How bad is it when your repair business involves repairing repairs?
Pioneer Magnetics, a maker of high power AC to DC and DC to DC standard and custom switching power supplies, recently shipped its 700,000th power supply since it started counting in the 1980s. By COO and President Jerry Rosenstein’s estimates, approximately 10% of the number he figures are still in use-or 35,000 units–should be coming back for repair or refurbishment each year.
The actual number is more like 1,500.
It’s not likely that huge numbers of these power supplies are out there happily operating years past their expected lifeline. (Though the MTBF of power supplies has gone from 25K hours just a few decades ago to over 1M hours today.) The fact is that no matter how well made, power supplies-with hundreds of components and many moving parts including a fan-are the weak link of many systems. Many are noisy, hot, and simply live a hard life.
Some wind up in environments that they were not designed for, like the Pioneer power supply in a Quansat Hut in Hawaii with wind, rain, and salt water pouring in. Unbelievably it wasn’t the elements that did it in, says Rosenstein, though he says a little conformal coating would have helped immensely. “Actually a gecko got in, and ‘kaboom.’”
Ruling out extreme circumstances, Rosenstein says that a good power supply should last five to ten years before needing repair or refurbishment. He suspects that the many of the other 33,500 units he estimates are due for repair go not back to Pioneer, but to the dozens of third party power supply repair houses that have sprung up in recent years. Not that there’s anything intrinsically bad about third party repair, and, in fact, Pioneer Magnetics itself has some certified repair houses.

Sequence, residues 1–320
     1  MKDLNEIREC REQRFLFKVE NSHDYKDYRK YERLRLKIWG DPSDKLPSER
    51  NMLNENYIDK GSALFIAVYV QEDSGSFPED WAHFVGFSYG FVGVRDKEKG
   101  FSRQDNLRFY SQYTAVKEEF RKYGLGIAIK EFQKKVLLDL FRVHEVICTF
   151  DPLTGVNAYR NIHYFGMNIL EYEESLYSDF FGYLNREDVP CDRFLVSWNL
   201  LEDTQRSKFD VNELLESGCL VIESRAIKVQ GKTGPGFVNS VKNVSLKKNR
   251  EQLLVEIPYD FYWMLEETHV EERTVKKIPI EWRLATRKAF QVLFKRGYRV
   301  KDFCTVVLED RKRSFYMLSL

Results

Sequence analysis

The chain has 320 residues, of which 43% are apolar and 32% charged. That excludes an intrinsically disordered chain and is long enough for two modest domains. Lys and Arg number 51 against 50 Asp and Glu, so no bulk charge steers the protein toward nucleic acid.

“I’m not saying they’re all bad by any stretch,” says Rosenstein. On a recent tour of a local repair house, however, he says that he noted boxes of capacitors from the 1980s and old fan motors on the shelves.
And lately he says he is seeing more units coming in exhibiting signs of a botched repair job. “They’re out of warranty, they’re all clunkers,” says Rosenstein. “I can’t tell you how many we’re getting back where it’s obvious that someone tried to do a repair and botched the job. We’ll get a bunch back with a common “bad repair” problem - the same broken wires, the same wrong components, you name it.”
Repairing a power supply isn’t quite as simple as swapping out a few components. As a case in point, Rosenstein says that Pioneer has developed a special technique to repair components that are mounted on a ceramic daughtercard. “There is a mix of through-hole and SMT components on the card, and we use special equipment to repair the faulty components without damaging the good ones,” he says. “But we’re seeing boards coming back to us for repair, where clearly someone tried to repair something but used the wrong soldering iron and then ruined pins on the good components and burned out circuit traces on the board.”
Here are two examples of botched repair jobs that came into Pioneer Magnetics for re-repair:
And a power supply that clearly a third party repair house did not know how to pack for shipping:
Why would anyone risk a bad repair on a product that retails for thousands of dollars? Two words: Cost savings. Rosenstein says that his company’s prices start at $400 for simple repairs and go up from there. Some third party repair houses charge as much as 50% less. “It’s amazing that people take the most expensive component in the design and start looking for a cheap deal when it comes to repairs,” he says.
Rosenstein believes it’s always better to have the power supply company do the repairs. But if a customer would like to work with a third party, Rosenstein says that at the very least they should conduct some due diligence before signing on the dotted line, especially if the repair prices seem almost too good to be true. A good place to start, he says, is by confirming they have the basics covered, like good ESD control and up-to-date inventory. Better yet, he advises partnering with a third party repair house that’s been certified by the OEM.
On its website, Pioneer Magnetics has posted images of some of the botched repairs done by third party repair houses.